UpToDate
Official reprint from UpToDate®
www.uptodate.com ©2016 UpToDate®

Secondary endocrine therapies for castration resistant prostate cancer

Author
Nancy A Dawson, MD
Section Editors
Nicholas Vogelzang, MD
W Robert Lee, MD, MS, MEd
Jerome P Richie, MD, FACS
Deputy Editor
Michael E Ross, MD

INTRODUCTION

Androgen deprivation therapy (ADT) is generally the initial treatment for men with advanced prostate cancer, either alone or in combination with chemotherapy. Standard approaches to ADT include orchiectomy, a gonadotropin releasing hormone (GnRH) agonist, or a combination of a GnRH agonist plus an antiandrogen (combined androgen blockade). Despite initial response rates of 80 to 90 percent, nearly all men eventually develop castration-resistant disease. Clinical trials have shown that a number of contemporary systemic therapies can significantly increase overall survival as treatment for castration-resistant prostate cancer in men with castration-resistant disease (table 1).

Several alternative endocrine approaches (other antiandrogens, antiandrogen withdrawal, ketoconazole, glucocorticoids, megestrol acetate, estrogens) have not been demonstrated to improve survival. However, these approaches may induce clinical responses or stable disease. Secondary endocrine therapies are often used sequentially and may be useful in postponing interventions such as chemotherapy with more severe toxicity or when no other effective options are available. These approaches are discussed in this topic.

An overview of the management of advanced prostate cancer is presented separately. (See "Overview of the treatment of disseminated prostate cancer".)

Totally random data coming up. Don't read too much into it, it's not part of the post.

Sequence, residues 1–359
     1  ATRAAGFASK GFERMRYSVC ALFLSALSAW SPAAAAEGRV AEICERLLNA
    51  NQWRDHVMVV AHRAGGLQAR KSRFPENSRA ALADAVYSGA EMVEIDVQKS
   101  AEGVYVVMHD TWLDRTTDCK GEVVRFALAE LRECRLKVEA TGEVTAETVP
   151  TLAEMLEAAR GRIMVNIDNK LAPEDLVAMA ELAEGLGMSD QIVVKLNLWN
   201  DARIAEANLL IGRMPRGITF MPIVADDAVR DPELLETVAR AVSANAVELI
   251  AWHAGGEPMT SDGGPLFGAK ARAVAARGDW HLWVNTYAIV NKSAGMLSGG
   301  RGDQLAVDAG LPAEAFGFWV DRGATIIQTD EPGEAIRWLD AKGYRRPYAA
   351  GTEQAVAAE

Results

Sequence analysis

CONTINUATION OF ADT

Androgen deprivation therapy (ADT) is generally continued in conjunction with secondary therapies after progression on the initial ADT regimen [1,2]. Androgenic steroids are growth factors for prostate cancer [3]. When disease progresses, discontinuation of gonadotropin releasing hormone (GnRH) agonist therapy can result in an increase in serum testosterone and thus contribute to progressive disease.

There are no randomized trials that directly address the utility of continued ADT in men with castration-resistant prostate cancer. However, a multivariate analysis of 341 patients with castration-resistant prostate cancer who were treated in four clinical trials suggested that continued testicular androgen suppression was associated with a median survival benefit of two to six months [4].

               

Subscribers log in here

To continue reading this article, you must log in with your personal, hospital, or group practice subscription. For more information or to purchase a personal subscription, click below on the option that best describes you:
Literature review current through: Nov 2016. | This topic last updated: Wed Nov 02 00:00:00 GMT+00:00 2016.
The content on the UpToDate website is not intended nor recommended as a substitute for medical advice, diagnosis, or treatment. Always seek the advice of your own physician or other qualified health care professional regarding any medical questions or conditions. The use of this website is governed by the UpToDate Terms of Use ©2016 UpToDate, Inc.
References
Top